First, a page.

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Melius Energy launches bulk bitumen shipping in containers – CanaPux to commercialize heavy oil capsules in 2021?

By Alex Binkley

Melius Energy of Calgary has partnered with BitCrude to market a semi-solid bitumen that can be shipped in marine containers to refineries in North America and overseas for further processing. Melius was formed earlier this year in the belief that Canadian bitumen can be transported in a safe and economical way based on the technology designed by BitCrude creator Cal Broder during a decade of developing the system.

Yuri Butler, Melius’s Manager of Logistics & Supply Chain, said in an interview the three-step BitCrude process starts with extracting the diluent needed to ship the very thick bitumen from the mine to a processing facility in the Edmonton area. From there, the bitumen is converted into a semi-solid state and loaded into containers specially adapted for Melius. BitCrude is non-flammable and will float in fresh and saltwater without being toxic to marine life, making it safe to transport by road, rail and ship.

The third step is returning the shipment to a liquid state at the receiving refinery using a proprietary process developed by BitCrude. Once it’s emptied, the container is returned to Melius for reloading.

The first successful export was delivered this fall to an Asian refinery in a 20-foot Melius container. It was transported to the port of Prince Rupert from Edmonton by CN Rail, which is a partner in a different venture to transport Alberta and Saskatchewan bitumen in solid clumps known as Canapux.

Melius Energy President Nicole Zhang said the BitCrude process “utilizes existing infrastructure to move bitumen, similar to how we move other consumer goods. The commercialization of this technology makes both economic and environmental sense.”

Butler said Melius now is working at growing its overseas markets by establishing relationships with refineries in Asia and building up the capacity of its process for developing a long-term, stable supply of BitCrude, which can be made into asphalt and related products as well as low-sulphur diesel. The demand in Asia for the premium heavy oil product that comes from the bitumen is greater than the capacity of the region’s refineries, he said. “There are lots of refineries looking for heavy fuels and we’re starting to ramp up to fill that demand.” The hope is that the demand for BitCrude will be great enough to free the product from the long-standing link of Prairie crude selling at a discount to U.S. domestic oil prices. “With these new markets, we could get higher prices.” The key is to be able to safely manage the shipments and BitCrude provides that assurance, he said.

The process uses a state-of-the-art electrically powered diluent recovery unit (DRU), avoiding further fossil fuel combustion and requires no chemicals, additives or diluent, creating both a safer product and a facility with a reduced greenhouse gas footprint, Melius says. The DRUs are modular, stackable and scalable making for a quick increase in production.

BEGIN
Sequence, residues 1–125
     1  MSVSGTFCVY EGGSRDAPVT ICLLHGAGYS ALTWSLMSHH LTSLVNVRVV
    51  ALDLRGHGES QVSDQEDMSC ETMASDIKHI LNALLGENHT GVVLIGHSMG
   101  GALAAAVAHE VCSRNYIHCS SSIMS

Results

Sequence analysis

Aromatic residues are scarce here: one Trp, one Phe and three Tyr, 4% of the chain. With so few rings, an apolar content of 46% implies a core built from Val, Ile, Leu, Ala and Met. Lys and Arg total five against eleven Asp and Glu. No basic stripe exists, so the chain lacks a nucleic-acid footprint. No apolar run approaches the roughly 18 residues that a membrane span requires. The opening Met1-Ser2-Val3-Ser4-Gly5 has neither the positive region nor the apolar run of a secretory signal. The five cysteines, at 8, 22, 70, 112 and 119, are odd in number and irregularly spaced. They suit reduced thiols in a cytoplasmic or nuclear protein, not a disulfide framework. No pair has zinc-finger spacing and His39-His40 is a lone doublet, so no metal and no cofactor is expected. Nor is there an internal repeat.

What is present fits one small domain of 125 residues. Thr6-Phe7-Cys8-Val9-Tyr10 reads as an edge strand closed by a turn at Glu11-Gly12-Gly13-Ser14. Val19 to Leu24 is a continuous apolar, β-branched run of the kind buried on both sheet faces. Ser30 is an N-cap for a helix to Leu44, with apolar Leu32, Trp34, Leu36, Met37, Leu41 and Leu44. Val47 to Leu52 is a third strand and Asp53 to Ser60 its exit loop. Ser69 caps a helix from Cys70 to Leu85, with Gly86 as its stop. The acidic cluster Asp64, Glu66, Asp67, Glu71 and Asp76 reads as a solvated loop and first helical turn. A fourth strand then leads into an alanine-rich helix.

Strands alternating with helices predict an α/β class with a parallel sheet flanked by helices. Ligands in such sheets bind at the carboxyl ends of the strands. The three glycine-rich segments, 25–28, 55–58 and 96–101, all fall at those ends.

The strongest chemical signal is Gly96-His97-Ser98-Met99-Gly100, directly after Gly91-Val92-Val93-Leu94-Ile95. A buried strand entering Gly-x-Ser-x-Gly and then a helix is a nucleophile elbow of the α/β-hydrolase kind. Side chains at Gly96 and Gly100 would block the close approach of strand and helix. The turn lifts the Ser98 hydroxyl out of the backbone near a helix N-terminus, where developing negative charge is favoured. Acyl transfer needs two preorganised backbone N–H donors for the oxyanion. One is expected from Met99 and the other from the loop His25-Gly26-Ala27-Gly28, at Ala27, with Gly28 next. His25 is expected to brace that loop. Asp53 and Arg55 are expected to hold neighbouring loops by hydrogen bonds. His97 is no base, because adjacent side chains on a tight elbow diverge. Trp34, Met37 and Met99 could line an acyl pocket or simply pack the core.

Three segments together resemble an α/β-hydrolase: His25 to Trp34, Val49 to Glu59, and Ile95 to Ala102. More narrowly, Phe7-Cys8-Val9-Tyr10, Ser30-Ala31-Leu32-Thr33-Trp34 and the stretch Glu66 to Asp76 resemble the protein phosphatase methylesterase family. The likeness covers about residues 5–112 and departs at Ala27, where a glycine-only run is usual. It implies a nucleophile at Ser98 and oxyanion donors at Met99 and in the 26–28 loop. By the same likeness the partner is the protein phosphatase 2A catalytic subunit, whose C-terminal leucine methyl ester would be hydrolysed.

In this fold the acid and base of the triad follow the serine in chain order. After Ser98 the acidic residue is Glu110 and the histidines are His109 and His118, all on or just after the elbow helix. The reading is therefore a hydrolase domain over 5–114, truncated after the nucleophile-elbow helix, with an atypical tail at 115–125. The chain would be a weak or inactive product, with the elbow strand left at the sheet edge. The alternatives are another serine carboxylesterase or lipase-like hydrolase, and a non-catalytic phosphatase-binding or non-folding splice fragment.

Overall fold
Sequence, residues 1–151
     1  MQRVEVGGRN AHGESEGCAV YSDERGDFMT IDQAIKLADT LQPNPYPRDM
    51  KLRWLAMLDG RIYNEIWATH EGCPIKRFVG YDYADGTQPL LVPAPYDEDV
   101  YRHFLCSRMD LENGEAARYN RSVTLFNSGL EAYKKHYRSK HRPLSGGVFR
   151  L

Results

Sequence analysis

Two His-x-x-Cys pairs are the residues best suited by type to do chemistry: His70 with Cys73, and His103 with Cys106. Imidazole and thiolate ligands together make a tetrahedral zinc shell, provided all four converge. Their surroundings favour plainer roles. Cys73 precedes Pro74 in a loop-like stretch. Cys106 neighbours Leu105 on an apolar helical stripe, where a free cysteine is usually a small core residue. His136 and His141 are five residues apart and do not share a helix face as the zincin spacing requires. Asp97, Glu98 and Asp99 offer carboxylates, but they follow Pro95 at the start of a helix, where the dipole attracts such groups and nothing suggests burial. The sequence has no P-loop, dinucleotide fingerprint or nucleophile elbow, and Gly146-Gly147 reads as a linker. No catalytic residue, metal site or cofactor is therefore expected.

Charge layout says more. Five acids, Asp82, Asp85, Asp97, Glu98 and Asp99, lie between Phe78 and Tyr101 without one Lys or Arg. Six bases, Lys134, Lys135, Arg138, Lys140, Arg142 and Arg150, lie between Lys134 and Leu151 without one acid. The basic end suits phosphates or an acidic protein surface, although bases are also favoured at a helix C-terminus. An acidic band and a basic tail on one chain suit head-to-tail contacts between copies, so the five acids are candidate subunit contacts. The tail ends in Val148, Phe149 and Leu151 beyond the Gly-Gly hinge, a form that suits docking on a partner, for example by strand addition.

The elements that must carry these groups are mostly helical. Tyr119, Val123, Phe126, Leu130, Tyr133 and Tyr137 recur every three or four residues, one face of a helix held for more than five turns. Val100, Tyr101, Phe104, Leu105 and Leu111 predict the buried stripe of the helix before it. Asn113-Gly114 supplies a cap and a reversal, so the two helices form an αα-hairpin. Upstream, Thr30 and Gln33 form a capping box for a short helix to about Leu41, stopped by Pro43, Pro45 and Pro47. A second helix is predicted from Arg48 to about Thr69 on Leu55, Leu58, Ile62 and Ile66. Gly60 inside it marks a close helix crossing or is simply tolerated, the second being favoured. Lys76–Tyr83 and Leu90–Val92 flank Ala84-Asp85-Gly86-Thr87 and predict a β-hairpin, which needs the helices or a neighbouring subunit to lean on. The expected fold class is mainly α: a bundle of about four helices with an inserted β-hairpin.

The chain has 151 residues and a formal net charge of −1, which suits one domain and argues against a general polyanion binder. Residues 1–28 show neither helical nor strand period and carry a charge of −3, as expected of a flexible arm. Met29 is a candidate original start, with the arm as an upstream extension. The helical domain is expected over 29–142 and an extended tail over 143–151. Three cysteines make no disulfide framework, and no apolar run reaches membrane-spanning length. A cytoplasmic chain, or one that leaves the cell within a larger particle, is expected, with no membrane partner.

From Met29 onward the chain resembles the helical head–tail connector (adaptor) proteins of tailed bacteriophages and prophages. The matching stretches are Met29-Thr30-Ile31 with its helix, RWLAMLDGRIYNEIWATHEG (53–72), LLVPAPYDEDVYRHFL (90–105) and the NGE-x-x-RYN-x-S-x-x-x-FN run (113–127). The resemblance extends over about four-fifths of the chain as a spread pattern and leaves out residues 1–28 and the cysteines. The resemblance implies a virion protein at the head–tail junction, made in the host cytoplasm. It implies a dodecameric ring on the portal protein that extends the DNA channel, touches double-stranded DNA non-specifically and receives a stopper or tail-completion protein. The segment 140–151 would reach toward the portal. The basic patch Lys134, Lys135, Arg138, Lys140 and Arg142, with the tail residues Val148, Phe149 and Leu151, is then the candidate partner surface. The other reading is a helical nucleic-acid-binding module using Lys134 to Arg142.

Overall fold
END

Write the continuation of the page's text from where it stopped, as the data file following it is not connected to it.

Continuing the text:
Meanwhile, CN says it is continuing “to advance the CanaPux project through licensing the technology to multiple industry partners, each of whom are concentrating on different overseas markets. The licensees will determine commercial in-service dates, although CN still anticipates transporting CanaPux in 2021.” Three years in development, Canapux pellets can be shipped within North America in open freight cars such as gondolas and hoppers and in bulk freighters to overseas destinations. They can be loaded onto ships using coal terminals.

Earlier this year, CN announced it’s working with several companies on CanaPux development. Wapahki Energy Ltd., a company owned by the Heart Lake First Nation in northern Alberta, is planning on a $50 million facility to turn 10,000 barrels of bitumen per day into CanaPux. CN Rail and Wapahki said they would each invest $16.7 million into the pilot project that would take two years to build and are talking to potential partners in the project.

Attention is also being paid to potential domestic customers for the product, said James Auld, CN’s Senior Manager of product development.

Jeff Paquin, President and CEO of Wapahki Energy, says the CanaPux process could save oil producers US$15 per barrel and use up the waste plastic that now ends up in provincial landfills to produce the polymer that covers the pellets. Shipping in freight cars rather than tank cars would be cheaper because they can transport more product per load and cost less to lease, he said. As well, the CanaPux process avoids the use of diluent, which would be another money saver. Paquin said that smaller oil producers in northern Alberta were excited about the technology because they are among the most heavily impacted companies from volatile swings in the price of oil prices caused by a lack of new pipeline capacity.